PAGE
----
A Merry Imbolc to You!

Today marks the Festival of Imbolc, one of the four celebrations that intersperse the four Equinoctial Festivals of the old Celtic Calendar. Imbolc was the Festival sacred to Brigid, a key aspect of the Triple Goddess. Her colour is white: white for the snowdrops that drizzle the woodlands at this time of year in the Northern Hemisphere. White for the White Goddess, muse and inspiration of so many poets.White for the virgin bride. And white for her crescent moon.

White too for the fleeces of the lambs born at this time of the year (the word Imbolc is said to refer to the lactation of sheep who so often give birth in the coldest months), symbols of the emergence of new life from the darkness.

The Anglo-Saxons called this festival Solmonath. It was now that they ploughed the first furrow in the fields, placing into the furrows either a cake or the corn dollies that were woven at last year’s harvest. It is a time of change, the midwinter-spring that TS Eliot calls “sempiturnal though sodden toward sundown”. There may be frosts in the morning, snow may even dust the ground, but things are stirring beneath the hard outer crust of the earth at our feet. Gentle tremors of new life are creeping along root and stem. Seeds are beginning to itch. The way is being paved for another spring.

The Church, following its usual pattern of creating a Holy Day to coincide with the pagan festival days, gave Imbolc the name Candlemas.

Whatever your religion (and wherever you are in the world), you might like to light a candle tonight. Watch its flame flicker and dance, knowing that the dawn always gives way to the day, giving thanks for the cycles of the seasons and the richness of the earth at our feet.

With best wishes,


Tree Magic – Welcome to the Rowan Tree Month!

Today marks the start of the Celtic month of the Rowan Tree, the tree most associated with protection, intuition and psychic powers.

I have a soft spot for Rowans. I’ve often come across them growing in some remote place, far from other trees, blown by the winds and yet still strong and graceful. There is something peculiarly magical about them; the smoothness of the bark, the delicateness of the leaves, the rich froth of their blossoms in May and the startling colour of their summer berries.

Even in the deeps of winter, Rowan trees bring magic. When covered in frost their bark reflects both Moon and stars so that they looked “star-dressed”. They bring a touch of fairie to our world. Try sitting underneath one and see what happens!

According to Greek myth the rowan was created because of the actions of Hebe, cup-bearer to the gods, from whom the demons stole the cup. The gods sent an eagle to retrieve the cup and in the following battle, wherever a feather or a drop of blood fell a Rowan Tree sprang up, which is why the tree has feathery leaves and blood-red berries to this day.

The Rowan Tree was sacred to the druids, perhaps because of the contrast of its white flowers and red berries (red and white being symbols of sacredness throughout the ages) but also because of its associations as a visionary aid, one of its names being “Delight of the Eye” which refers as much to the Third Eye as it does to the way to the tree actually appears.

Other names for the Rowan include quickbeam, quicken, witch-tree, witchwood and sorb apple – all of which contain references to the Rowan’s legendary ability to enhance psychic powers, prophecy and magic. It is the female equivalent of the Ash Tree (another name for it is Mountain Ash). In Scandinavian myth the first woman was born from a Rowan, the first man from an Ash.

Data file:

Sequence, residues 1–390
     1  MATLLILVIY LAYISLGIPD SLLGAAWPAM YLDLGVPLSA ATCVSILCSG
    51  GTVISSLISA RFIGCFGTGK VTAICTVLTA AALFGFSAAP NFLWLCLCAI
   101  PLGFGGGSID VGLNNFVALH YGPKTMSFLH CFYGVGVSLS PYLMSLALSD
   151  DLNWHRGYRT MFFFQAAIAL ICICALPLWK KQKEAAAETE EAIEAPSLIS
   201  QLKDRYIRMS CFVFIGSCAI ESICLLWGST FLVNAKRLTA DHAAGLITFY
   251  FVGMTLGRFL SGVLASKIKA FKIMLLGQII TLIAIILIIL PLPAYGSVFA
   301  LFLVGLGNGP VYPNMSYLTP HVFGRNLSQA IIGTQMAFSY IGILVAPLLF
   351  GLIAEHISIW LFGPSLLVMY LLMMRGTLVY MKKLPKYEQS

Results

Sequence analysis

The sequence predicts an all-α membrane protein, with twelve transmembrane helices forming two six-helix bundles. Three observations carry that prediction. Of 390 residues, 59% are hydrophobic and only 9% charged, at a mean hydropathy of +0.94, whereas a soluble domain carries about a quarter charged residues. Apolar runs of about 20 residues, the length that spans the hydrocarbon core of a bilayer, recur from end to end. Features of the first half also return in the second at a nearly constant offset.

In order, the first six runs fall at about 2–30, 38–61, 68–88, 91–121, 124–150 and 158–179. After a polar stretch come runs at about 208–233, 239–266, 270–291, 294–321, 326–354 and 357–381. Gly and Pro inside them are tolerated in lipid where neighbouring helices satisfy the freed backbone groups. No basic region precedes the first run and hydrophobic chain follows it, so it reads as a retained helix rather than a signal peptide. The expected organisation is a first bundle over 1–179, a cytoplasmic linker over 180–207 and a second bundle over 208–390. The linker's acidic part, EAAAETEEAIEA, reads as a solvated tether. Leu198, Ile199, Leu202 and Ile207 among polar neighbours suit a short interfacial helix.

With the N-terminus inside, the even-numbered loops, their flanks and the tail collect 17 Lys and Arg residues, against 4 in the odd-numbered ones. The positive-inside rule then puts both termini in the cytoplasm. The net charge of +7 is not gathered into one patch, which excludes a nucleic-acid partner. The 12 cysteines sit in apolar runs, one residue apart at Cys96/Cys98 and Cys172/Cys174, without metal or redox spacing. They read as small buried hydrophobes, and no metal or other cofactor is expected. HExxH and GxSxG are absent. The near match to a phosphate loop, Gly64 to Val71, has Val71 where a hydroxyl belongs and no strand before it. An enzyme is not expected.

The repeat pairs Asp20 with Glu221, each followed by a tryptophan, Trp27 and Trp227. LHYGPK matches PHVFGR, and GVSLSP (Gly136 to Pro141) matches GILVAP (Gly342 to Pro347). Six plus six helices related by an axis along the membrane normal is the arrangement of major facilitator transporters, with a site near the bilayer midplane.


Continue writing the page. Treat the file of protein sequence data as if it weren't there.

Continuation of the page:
Druids often planted Rowan Trees in their places of worship. You’ll sometimes find them still growing close to stone circles or where ley lines cross. It was once believed that the powers of the Rowan were essential to maintaining the health of the land. Perhaps they still are? They are certainly worth looking after, as are all trees.

The Celtic Festival of Imbolc falls within the Rowan Tree Month. Imbolc is the festival associated with the Goddess Brigid, daughter of Dagda, one of the Tuatha de Danaan, who brought four magical treasures to Ireland. The Rowan’s connection with Brigid links it with the fires of inspiration and with the rebirth of the Spirit, which comes at Imbolc.  Brigid is said to have had arrows made of rowan-wood which would burst into flames when she fired them.

This is most probably a reference to the psychic qualities said to be gained by imbibing the juice of rowan berries (be careful though, they are poisonous to children). Groves of Rowans were grown and tended as shrines of oracular practices…in other words they were places were people went if they wished to see more clearly into the future.

This year the Rowan Tree Month is especially important, because not only does the celebration of Imbolc fall within it, but the Chinese Year of the Dragon also starts during the same month (tomorrow in fact!). There is a long association between Rowan Trees and dragons, each of them being symbols of protection. Irish myths and legends are filled with stories of dragons guarding Rowans.

My guess is that this was a two-way street, the dragon guarding the tree, which in turn protected the lines of energy beneath the surface of the earth (the dragon-lines as they were once known).

Given that we only have a Year of the Dragon once every dozen years, this year may be a time for particular focus on developing your psychic abilities and listening to your intuitions. Let’s hope that it is also one of increased attention to the wellbeing of the earth itself!

Wishing you a month filled with Rowan Tree Magic…

With best wishes,


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